- Sprinkle 1 tablespoon of Epsom salts in the bottom of planting holes for tomato and pepper transplants. Then, set the seedlings in the holes and fill in around them with soil.
Foliar sprays for roses, tomatoes, and peppers
- Spray the leaves of roses with a solution of about 1 tablespoon of Epsom salts diluted in 1 gallon of water. Apply this dilution each spring when you see new plant leaves about to open. Use one gallon of the diluted mixture for every 12 inches of rose bush height. Spray roses on overcast days, or, if you’re spraying on sunny days, in the early morning and late evening.
- Re-spray the leaves of rose bushes with 1 tablespoon of Epsom salts mixed in 1 gallon of water when the first rosebuds develop in late spring or summer season.
- Spray tomato and pepper leaves with 1 tablespoon of Epsom salts diluted in a gallon of water. Spray each plant until the plant leaves are thoroughly wet.
- Apply a second foliar spray to tomato and pepper plants in the summer season when the flowers start to bloom. Then, follow up with a final application when new peppers and tomatoes start to form on the vines.
What’s the correct dose of Epsom salts to apply?
For foliar feeding, Epsom salt is 1 tablespoon per gallon of water. For soil drenching, add about 1/2-cup per gallon of water. Epsom salts can rejuvenate tired plants, reduce stress, and, significantly, increase sensuality.
Ways to use Epsom salts as part of gardening
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Give seeds a better start
Magnesium boosts seed germination by strengthening cell walls and providing increased energy for plant growth. Sulfur is easily lost during the germination procedure, so apply a drench of one tablespoon of Epsom salts for every gallon of water to the soil after seeding. Alternately, you can mix about 1 tablespoon of Epsom salts into each hole before planting seeds.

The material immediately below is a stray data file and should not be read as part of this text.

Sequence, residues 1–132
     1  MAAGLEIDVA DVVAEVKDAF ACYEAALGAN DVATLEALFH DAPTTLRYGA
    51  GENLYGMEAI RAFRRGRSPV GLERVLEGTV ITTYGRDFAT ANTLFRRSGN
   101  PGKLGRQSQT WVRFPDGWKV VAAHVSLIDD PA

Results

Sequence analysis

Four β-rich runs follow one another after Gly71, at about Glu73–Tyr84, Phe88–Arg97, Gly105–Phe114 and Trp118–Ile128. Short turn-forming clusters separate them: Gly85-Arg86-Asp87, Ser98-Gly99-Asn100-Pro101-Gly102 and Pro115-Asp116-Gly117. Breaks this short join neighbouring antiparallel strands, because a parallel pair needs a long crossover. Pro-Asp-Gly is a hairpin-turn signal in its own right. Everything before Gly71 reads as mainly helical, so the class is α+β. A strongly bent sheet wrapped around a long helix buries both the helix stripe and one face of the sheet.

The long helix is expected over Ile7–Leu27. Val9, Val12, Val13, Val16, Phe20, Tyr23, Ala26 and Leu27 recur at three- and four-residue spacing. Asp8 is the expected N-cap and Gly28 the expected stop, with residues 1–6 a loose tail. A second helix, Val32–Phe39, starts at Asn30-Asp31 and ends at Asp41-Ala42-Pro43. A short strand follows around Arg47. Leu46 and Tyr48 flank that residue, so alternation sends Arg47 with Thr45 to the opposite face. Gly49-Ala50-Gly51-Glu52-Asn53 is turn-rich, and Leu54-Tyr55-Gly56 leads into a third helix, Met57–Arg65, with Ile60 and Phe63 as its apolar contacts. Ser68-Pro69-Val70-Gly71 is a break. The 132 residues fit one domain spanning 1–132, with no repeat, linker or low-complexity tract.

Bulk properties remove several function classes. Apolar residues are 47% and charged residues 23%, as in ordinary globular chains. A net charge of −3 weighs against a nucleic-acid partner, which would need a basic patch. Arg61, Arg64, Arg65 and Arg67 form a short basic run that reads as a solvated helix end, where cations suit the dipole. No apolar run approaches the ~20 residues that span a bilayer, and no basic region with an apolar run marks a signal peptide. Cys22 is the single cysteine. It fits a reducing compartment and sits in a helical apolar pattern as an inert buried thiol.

Prevent root shock
Transplanted roots need tender care and to prevent root shock, which causes wilting and leaf discoloration, mix 1 tablespoon of Epsom salts for every one gallon of water. Or try adding 1 to 2 teaspoons of dry salts directly to the hole before transplanting a bush or flowers.
Deter pests naturally
Instead of using plain table salt to dehydrate and also kill snails and slugs, banish the pests with Epsom salts and you’ll give roots and blooms a boost in the process. For general pest control, mix one cup of Epsom salts with 5 gallons of water and spray onto foliage. For slug and snail control, sprinkle dry Epsom salts to the plants.
How to water plants with Epsom salts
Before applying Epsom salt, however, it’s a good idea to have your soil tested to determine whether it’s deficient of magnesium. You should be aware that many plants, like beans and leafy vegetables, will happily grow and produce in soils with low levels of magnesium. Plants such as rose, tomatoes, and peppers, on the other hand, require lots of magnesium, and therefore, are more commonly watered with Epsom salt. When diluted with water, Epsom salt is easily taken up by plants, particularly when applied as a foliar spray. Most plants can be misted with a solution of about 2 tablespoons of Epsom salt per gallon of water once a month. For more frequent watering, every other week, cut this back to one tablespoon. With roses, you can apply a foliar spray of about 1 tablespoon per gallon of water for each foot of the shrub’s height. Apply in spring as plant leaves appear and then again after flowering. For tomatoes and peppers, apply 1 tablespoon of Epsom salt granules around each transplant and spray during transplanting and again following the first bloom and fruit set.
Spray Epsom salt on the houseplant’s leaves
The minerals in Epsom salt are taken up quickly through the plant leaves when the salt is sprayed directly on the foliage as a foliar spray. Foliar sprays can work faster than root applications. Dissolve a tablespoon of Epsom salt into a gallon of water and pour the salty solution into a spray bottle and mist all exposed parts of the plant evenly. Use enough spray so that the plant leaves are dripping wet.
Gardening tips for using Epson salt